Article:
Dust to Dust

Departed this life …

The headstones stood higgledy-piggledy in the small overgrown graveyard. If there had ever been any intention to maintain this resting place, this home to the dead, this body parking lot, it’s been long dissipated. The only constant is the sound of the Atlantic just over the hill; on this still day, a gentle murmur. Perhaps a prayer.

In memoriam.

Birth and death dates recorded. Proof of mortality. I shouldn’t be here. I shouldn’t be here screwing up my eyes to read the fading wording on these goodbye-slabs, these testimonial tombstones, these posthumous letters to the dearly departed saying the words unsaid to the living: loving, loyal, faithful; saying the words too late.

Sacred to the memory of…

This year I used up my threescore years and ten. I’m now on notice. I take courage from some of the information on the headstones – no, not information – data – it’s data now in the twenty first century, data – aged seventy five, aged eighty. I read greedily. But I know it’s not going to be long before I feel the tap on the shoulder, dance with the Grim Reaper, make my way across the river Lethe.

Rest in peace, mother of, son of…

I ask whether the fathers, sons, mothers and daughters who reside/resided – dust-to-dust – here had had good lives. Had they loved well, had they been loved well? Had they done their duty to their family, friends, community? Had they been faithful in mind and body and soul? Had they fought for king and country, right or wrong? Had they stood up to the tyranny of the bad man? Had they suffered? Had they despaired? What would they have changed?

Bless me Father, for I have sinned.

The voices rise up from under the soil in answer, “You’re really asking about yourself, aren’t you? You’re projecting. The question really is: ‘Have you done all these things, been all this things? What would you have changed?’”

And I think about my life. Mainly about the people I have loved, some well, and some badly. And the people who may have loved me. How would they answer these questions about me? What would they be writing on my gravestone, what would they be saying to St Peter, what would be my testimonial?

Momento Mori

I guess it’s too late now. It’ll soon be over. It won’t be long before the coffin maker, the grave digger and the stone mason get a work sheet bearing my name.  Not recycled. Not reused. Landfill!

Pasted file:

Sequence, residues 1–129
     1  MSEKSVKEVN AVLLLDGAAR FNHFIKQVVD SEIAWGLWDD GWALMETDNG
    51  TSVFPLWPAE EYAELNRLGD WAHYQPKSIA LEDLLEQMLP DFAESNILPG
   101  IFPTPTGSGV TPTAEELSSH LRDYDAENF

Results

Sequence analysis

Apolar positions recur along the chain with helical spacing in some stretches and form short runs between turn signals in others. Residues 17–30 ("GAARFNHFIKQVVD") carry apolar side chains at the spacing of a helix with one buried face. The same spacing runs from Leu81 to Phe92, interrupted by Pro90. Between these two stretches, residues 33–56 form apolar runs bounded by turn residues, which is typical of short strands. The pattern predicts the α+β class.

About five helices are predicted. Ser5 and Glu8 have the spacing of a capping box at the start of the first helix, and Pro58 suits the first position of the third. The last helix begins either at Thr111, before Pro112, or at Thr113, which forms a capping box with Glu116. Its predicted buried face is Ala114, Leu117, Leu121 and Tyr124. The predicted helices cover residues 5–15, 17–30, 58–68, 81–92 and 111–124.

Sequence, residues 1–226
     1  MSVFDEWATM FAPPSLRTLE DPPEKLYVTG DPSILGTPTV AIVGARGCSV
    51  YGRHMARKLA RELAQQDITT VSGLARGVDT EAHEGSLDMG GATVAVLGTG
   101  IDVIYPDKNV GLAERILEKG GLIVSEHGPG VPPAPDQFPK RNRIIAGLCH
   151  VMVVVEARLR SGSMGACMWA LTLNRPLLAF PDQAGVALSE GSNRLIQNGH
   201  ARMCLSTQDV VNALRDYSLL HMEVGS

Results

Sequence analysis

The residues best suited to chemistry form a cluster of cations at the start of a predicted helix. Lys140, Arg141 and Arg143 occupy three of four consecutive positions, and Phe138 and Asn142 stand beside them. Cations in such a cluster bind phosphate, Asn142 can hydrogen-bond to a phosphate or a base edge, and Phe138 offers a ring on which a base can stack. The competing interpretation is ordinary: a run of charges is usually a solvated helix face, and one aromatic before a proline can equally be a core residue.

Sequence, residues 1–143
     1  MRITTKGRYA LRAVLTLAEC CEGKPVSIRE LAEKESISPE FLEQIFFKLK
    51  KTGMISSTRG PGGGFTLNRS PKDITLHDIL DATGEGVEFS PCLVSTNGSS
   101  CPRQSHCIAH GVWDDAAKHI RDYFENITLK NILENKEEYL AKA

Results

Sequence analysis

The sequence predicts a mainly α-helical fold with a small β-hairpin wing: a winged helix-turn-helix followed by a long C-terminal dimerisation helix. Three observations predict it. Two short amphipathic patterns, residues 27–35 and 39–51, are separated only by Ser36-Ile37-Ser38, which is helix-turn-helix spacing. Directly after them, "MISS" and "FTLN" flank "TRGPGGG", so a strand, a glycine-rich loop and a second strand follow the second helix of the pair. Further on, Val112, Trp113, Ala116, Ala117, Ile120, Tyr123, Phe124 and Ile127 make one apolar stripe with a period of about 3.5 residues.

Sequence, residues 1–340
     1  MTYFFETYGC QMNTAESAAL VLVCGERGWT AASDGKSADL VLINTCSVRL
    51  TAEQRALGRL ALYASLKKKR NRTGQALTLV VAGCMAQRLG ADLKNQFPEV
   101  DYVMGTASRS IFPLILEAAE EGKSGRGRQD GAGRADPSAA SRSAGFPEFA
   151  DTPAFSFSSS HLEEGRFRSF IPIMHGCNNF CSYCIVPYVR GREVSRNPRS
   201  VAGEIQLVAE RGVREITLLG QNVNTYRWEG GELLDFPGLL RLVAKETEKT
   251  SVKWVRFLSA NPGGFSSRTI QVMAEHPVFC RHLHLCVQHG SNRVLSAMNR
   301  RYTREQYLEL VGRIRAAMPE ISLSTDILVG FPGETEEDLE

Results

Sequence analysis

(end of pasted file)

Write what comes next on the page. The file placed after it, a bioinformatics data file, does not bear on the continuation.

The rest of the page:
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12 Responses to Dust to Dust

  1. emmaleene says:

    This really makes the reader think about the meaning of their life- asking the same questions of their own life as the narrator. Very profound. I liked how this was written, the tone, the voice, the structure etc. I also think there’s a note of hope here- the narrator has a moment of epiphany and he is aware of the value of the time he has left still has time to do the things he wants to achieve !

  2. Elaine McKay says:

    Makes you think! I like the structure. I like the turn of phrase too one example being- ‘stood up to the tyranny of the bad man’ Expresses well the idea that things are repeated over and over throughout the ages.

  3. SJ O'Hart says:

    I enjoy wandering around old graveyards, remembering the departed with a prayer, reading their headstones and wondering about their lives, so this story reminds me of that. I think it’s a little bleak, but very emotional and true, and I admire that.

  4. alisasibrova says:

    It is very brave that you thought about yourself in the past tense in this story. I think I would never have the courage to do so. Other then that, I enjoyed the story, I would say it is more of an essay. Are the thoughts, that were described, yours or of an imagined character?

  5. Tessa Sheppard says:

    Makes you think. The guy seems sad, lots of introspection. I could see this as part of a larger story. Great job!

  6. Elaine Peters says:

    Patrick, this is lovely and so beautifully written. It avoids self-indulgence by the humour throughout. (I hope I didn’t set off the Grim Reaper train!)

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